We are discovering how cells remove damaged contents and how problems with the recycling process cause disease.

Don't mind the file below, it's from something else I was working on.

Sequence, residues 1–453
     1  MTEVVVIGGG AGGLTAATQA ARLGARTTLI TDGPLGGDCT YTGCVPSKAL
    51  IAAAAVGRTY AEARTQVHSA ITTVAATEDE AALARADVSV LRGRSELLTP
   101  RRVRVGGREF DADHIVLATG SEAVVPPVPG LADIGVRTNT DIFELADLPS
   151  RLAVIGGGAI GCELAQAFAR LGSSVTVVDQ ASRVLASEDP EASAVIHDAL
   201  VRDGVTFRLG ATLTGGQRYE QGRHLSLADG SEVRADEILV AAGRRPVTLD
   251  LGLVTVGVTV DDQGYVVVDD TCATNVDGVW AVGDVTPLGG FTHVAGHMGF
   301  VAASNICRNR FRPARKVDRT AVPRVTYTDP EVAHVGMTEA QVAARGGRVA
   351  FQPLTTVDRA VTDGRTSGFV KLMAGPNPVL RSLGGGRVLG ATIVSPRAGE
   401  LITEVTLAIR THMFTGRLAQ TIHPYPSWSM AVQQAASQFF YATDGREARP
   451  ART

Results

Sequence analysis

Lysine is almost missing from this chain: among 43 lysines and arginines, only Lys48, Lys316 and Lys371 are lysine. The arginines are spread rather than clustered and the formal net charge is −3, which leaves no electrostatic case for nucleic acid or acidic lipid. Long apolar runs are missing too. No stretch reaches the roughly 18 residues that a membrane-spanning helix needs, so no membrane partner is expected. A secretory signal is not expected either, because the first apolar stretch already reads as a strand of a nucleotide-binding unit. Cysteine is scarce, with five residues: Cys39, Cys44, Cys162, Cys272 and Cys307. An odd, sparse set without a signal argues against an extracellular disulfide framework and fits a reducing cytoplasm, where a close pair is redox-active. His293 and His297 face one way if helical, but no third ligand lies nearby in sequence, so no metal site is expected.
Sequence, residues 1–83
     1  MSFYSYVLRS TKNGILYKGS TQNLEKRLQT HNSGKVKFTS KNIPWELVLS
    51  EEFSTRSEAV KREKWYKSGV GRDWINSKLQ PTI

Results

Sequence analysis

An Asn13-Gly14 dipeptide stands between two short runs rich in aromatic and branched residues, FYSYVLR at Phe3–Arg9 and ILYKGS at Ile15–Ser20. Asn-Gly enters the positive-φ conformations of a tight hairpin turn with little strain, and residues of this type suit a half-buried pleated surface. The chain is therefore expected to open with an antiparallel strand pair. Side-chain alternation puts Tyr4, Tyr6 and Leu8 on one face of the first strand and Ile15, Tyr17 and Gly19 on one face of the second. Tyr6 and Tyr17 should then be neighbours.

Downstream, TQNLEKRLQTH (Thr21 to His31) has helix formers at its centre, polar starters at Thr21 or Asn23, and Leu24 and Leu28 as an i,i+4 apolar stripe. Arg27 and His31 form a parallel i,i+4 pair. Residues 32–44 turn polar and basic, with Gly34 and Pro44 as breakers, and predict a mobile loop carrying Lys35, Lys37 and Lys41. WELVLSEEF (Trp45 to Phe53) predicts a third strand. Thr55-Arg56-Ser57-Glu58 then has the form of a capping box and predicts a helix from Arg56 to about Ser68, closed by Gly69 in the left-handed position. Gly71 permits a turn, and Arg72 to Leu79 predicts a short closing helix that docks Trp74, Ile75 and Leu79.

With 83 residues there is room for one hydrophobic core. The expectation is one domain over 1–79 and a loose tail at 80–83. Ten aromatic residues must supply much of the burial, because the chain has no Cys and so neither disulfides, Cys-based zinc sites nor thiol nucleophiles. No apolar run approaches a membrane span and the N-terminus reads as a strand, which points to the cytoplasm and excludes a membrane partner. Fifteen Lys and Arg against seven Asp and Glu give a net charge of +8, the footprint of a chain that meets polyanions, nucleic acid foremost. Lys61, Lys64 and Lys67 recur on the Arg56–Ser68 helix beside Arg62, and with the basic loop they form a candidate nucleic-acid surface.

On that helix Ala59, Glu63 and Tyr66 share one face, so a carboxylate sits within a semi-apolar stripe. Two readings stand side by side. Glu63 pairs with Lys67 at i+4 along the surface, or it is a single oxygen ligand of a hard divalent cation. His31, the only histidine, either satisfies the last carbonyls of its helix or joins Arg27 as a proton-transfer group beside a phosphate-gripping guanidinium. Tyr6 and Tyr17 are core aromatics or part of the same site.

The attachment and removal of ubiquitin from substrate proteins can encode a wide range of signals, controlling cellular phenotypes from cell division to organelle abundance. But the complex genetics and many players involved in ubiquitin signaling have made it slow and difficult to decipher these functional networks. We are using next-generation genome editing and regulation technologies to gain molecular insight into ubiquitin-mediated signaling cascades involved in cellular homeostasis. For example, using unbiased screens with complex phenotypes, we are uncovering novel ubiquitin-related effectors that regulate processes such as human DNA repair and organelle autophagy. Endogenous tagging and editing approaches enable us to gain a deep understanding of the mechanisms by which these effectors encode and decode ubiquitin-mediated signals.
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